Successful intubation can be accomplished in a majority of patients via direct laryngoscopy, but some­times tracheal intubation may be difficult or impossible mainly due to limited mouth opening or any other ana­tomical abnormality. Retrograde tracheal intubation is a possible technique that seems to be simple and quick in experienced hands [1] and that is indicated in various clini­cal situations [2] , including cervical and facial trauma and limited mouth opening 3 . However, the success rate of the retrograde tracheal intubation is variable [4] .

In dealing with our case, where keeping patient awake was not an option at all, we have opted for a new approach.

   Case report Top

A 7-year-old girl presented with complaints of re­stricted mouth opening of 6 month duration without sig­nificant illnesses. Systemic examination was within nor­mal limits. Patient weighed 16 kg. Airway examination revealed mouth opening of just one finger. Mentohyoid and mentothyroid distances were adequate.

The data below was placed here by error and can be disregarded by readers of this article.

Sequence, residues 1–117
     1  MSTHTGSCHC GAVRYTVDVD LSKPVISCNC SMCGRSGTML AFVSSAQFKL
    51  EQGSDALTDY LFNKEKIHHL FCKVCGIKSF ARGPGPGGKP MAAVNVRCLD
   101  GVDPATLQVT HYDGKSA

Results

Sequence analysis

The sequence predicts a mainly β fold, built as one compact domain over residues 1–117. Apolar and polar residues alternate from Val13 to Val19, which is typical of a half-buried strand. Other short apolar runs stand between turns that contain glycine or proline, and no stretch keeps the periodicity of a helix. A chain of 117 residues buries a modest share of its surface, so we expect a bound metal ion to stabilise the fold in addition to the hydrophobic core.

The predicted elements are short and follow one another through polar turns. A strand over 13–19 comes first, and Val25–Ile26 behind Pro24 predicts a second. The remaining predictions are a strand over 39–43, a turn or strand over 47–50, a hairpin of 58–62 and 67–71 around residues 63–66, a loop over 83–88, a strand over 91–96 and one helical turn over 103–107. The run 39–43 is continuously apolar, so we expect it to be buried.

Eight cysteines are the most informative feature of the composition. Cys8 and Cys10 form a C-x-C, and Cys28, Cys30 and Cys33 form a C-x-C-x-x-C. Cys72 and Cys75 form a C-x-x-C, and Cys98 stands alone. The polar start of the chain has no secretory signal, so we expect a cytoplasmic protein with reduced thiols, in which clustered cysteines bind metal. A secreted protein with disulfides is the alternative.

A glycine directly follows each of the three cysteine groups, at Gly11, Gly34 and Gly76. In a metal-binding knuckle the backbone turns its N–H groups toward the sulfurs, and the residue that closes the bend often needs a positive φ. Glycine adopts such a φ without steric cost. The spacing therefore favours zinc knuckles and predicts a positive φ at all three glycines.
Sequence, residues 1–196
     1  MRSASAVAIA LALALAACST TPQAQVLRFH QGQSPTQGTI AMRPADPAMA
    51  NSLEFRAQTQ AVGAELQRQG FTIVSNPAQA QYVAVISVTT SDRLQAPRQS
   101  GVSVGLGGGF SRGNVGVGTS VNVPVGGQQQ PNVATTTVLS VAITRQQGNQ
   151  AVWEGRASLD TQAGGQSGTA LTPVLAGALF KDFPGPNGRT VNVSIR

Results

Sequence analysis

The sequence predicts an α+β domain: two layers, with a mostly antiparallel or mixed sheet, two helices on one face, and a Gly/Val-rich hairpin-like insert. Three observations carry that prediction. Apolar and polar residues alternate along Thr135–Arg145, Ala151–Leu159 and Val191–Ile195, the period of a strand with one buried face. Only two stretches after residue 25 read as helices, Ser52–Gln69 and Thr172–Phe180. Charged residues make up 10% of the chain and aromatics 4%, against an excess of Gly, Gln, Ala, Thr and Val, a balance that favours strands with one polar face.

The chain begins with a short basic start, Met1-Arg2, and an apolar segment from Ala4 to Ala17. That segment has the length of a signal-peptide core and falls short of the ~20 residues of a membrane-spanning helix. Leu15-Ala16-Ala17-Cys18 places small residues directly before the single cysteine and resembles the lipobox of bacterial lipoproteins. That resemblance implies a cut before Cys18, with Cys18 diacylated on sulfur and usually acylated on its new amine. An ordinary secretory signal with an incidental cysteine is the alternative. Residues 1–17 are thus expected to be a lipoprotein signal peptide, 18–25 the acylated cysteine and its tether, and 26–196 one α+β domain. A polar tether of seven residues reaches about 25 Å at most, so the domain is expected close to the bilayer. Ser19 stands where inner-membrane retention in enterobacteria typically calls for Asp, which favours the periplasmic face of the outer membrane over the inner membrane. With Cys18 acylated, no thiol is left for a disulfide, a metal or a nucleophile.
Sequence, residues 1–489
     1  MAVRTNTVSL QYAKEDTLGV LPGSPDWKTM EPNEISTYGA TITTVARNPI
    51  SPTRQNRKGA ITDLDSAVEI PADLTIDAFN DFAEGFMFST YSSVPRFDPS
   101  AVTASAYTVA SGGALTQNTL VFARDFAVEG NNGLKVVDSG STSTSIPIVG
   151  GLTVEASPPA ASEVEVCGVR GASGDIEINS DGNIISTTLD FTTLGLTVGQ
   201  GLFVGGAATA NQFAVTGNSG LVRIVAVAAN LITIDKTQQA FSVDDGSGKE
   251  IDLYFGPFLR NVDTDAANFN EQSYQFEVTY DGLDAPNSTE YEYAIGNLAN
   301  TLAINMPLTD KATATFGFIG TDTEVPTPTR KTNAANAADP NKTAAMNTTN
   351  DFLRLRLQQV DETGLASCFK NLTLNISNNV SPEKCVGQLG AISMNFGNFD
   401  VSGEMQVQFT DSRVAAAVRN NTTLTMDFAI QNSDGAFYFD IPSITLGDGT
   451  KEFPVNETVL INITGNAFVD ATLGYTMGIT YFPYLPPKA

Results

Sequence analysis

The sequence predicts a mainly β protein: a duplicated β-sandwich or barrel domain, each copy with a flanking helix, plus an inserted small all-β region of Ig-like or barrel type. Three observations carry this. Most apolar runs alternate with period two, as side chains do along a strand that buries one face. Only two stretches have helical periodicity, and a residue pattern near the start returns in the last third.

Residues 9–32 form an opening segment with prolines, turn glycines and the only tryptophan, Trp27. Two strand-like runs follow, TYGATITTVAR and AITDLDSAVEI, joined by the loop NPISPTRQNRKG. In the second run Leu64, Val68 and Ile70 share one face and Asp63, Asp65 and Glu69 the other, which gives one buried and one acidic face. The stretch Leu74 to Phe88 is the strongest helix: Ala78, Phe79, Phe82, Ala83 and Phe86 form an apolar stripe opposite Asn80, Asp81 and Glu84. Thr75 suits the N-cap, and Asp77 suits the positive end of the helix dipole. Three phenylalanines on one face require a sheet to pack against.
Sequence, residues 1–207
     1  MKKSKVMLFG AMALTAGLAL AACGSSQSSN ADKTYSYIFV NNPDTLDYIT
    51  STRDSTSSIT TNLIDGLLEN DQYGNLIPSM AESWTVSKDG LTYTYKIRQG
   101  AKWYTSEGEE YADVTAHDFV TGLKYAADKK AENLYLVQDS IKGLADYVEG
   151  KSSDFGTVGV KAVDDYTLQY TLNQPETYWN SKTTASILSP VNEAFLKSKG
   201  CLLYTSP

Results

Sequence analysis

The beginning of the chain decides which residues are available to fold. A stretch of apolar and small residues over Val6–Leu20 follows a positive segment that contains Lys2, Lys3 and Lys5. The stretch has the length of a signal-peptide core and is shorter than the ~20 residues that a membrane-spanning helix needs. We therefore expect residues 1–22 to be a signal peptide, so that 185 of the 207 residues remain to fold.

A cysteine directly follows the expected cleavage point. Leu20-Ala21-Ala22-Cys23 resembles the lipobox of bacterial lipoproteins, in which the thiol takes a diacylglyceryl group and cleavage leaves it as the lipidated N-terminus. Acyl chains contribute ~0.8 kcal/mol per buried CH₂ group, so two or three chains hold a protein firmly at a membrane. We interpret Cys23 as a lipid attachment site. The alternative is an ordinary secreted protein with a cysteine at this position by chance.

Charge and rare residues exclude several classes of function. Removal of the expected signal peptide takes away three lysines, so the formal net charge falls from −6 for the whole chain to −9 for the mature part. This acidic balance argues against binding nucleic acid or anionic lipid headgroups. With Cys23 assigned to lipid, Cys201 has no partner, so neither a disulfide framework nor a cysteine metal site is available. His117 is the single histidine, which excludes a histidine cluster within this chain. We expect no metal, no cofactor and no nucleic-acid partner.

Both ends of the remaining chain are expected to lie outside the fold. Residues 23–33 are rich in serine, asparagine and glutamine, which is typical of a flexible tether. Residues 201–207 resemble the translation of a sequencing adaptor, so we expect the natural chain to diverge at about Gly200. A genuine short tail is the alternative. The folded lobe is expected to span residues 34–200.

Radiological examination ruled out any significant narrowing of airways and the absence of hypertrophied adenoids. Relatives were explained that the technique may fail and consent for tracheostomy was taken. Apart from the usual preparation for difficult intubation, we used the following items for retrograde intubation:

  • Improvised nasopharyngeal airway: We have im­provised and used one size smaller endotracheal tube as a nasopharyngeal airway. [Figure 1]& [Figure 2]
  • J-tipped vascular guide-wire: J-tipped vascular guide-wire, 70 cm in length and 0.6-0.8 in diameter [B Braun Melsungen].
  • 16 G needle: Estimate approximate anteroposte­rior depth of the trachea according to the age. From the tip of the needle mark half the estimated an­teroposterior depth of the trachea with tape, which acts as a guard and prevents injury to the posterior wall of the trachea.
  • Sets for emergency cricothyroidotomy and tra­cheostomy were kept ready.
  • Monitoring with SpO 2 , EtCO 2 , ECG and NIBP was done.